Ancient Roman coin of Sabina

31 May 2022  Tue

Ancient Roman coins are known for featuring an abundance of female figures. Many of the women on the Roman coins were placed there because of a familial relationship to the ruler, but women certainly had a place in this most public of media nearly 2,000 years ago.

Sabina, the wife of Hadrianus, appears on the obverse of a silver denarius of ancient Rome circa A.D. 128 to 126 marking her elevation to the title Augusta. Sabina was the daughter of Salonia Matidia and a grandniece of Trajan.

She was granted the title of Augusta in A.D. 128 and died in A.D. 136, preceding her husband by about 18 months. A special coinage, including this piece, was issued to commemorate her consecration. The obverse of the coin depicts a draped bust on the right with hair waved, rising into crest on top above diadem, knotted in the queue, falling down the back of the neck.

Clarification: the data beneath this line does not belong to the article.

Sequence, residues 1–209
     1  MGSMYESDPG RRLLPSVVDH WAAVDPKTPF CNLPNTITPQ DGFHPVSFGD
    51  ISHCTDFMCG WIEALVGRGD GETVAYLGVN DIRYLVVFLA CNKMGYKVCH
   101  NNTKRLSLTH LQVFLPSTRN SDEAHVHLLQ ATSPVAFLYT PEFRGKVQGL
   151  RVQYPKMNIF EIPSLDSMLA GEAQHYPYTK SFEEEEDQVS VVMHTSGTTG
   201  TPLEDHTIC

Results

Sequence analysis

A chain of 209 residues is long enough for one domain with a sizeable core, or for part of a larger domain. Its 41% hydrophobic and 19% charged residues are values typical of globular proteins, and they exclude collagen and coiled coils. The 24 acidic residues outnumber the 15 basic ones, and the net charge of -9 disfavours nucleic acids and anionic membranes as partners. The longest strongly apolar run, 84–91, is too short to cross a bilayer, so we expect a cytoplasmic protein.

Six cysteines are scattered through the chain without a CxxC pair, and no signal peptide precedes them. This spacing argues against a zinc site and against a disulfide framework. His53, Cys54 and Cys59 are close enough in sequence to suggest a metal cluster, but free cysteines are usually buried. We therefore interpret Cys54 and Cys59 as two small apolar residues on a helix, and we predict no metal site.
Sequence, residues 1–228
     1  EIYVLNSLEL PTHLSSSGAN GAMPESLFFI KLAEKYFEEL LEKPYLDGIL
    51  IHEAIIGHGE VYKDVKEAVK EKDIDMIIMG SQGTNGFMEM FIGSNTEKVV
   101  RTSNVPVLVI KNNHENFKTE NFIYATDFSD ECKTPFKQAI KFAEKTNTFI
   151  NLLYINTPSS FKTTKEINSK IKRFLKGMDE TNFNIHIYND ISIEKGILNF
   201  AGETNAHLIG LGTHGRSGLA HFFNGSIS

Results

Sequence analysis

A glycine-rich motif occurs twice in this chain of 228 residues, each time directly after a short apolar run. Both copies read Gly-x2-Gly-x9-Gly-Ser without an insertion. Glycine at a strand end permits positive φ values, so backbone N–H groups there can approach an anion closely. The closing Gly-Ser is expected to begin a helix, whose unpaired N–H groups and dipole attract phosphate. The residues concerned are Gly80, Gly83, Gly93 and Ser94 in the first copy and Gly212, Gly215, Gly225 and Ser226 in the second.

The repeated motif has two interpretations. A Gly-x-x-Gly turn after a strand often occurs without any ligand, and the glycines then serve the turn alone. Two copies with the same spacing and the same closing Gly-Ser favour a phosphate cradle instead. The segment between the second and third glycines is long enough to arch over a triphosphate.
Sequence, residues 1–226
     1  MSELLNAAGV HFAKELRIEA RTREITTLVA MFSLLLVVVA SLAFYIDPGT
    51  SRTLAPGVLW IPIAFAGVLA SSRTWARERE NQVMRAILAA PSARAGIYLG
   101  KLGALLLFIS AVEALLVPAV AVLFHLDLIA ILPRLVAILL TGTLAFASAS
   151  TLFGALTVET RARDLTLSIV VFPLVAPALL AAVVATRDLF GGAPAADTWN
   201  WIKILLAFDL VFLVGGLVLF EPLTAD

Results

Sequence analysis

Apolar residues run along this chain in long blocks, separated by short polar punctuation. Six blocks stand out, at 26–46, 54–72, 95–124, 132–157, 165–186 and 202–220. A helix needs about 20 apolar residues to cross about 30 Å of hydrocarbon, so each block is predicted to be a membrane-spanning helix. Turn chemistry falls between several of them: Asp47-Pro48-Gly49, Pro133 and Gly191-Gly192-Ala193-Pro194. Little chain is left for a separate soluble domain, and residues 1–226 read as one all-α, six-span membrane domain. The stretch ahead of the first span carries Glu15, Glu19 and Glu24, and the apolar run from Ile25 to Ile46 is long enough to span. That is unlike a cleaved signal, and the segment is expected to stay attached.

The reverse of the coin depicts Concordia- the goddess who embodies agreement in marriage and society - seated left with patera in the right hand and resting her left elbow on a statue of Spes - the goddess of hope and cornucopia under the chair.

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